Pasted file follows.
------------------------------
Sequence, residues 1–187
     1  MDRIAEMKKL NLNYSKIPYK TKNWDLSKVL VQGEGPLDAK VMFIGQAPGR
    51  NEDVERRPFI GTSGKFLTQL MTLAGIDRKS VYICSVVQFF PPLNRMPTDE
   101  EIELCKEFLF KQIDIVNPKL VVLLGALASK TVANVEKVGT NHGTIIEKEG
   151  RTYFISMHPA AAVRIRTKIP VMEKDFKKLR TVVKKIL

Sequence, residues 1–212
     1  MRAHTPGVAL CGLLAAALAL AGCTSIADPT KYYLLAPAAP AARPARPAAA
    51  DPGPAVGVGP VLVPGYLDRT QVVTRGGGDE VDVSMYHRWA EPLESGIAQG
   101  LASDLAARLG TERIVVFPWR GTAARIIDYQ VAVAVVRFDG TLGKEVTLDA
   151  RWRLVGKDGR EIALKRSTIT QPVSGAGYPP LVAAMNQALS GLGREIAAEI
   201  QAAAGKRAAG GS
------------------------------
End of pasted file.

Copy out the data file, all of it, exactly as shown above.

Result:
Sequence, residues 1–187
     1  MDRIAEMKKL NLNYSKIPYK TKNWDLSKVL VQGEGPLDAK VMFIGQAPGR
    51  NEDVERRPFI GTSGKFLTQL MTLAGIDRKS VYICSVVQFF PPLNRMPTDE
   101  EIELCKEFLF KQIDIVNPKL VVLLGALASK TVANVEKVGT NHGTIIEKEG
   151  RTYFISMHPA AAVRIRTKIP VMEKDFKKLR TVVKKIL

Sequence, residues 1–212
     1  MRAHTPGVAL CGLLAAALAL AGCTSIADPT KYYLLAPAAP AARPARPAAA
    51  DPGPAVGVGP VLVPGYLDRT QVVTRGGGDE VDVSMYHRWA EPLESGIAQG
   101  LASDLAARLG TERIVVFPWR GTAARIIDYQ VAVAVVRFDG TLGKEVTLDA
   151  RWRLVGKDGR EIALKRSTIT QPVSGAGYPP LVAAMNQALS GLGREIAAEI
   201  QAAAGKRAAG GS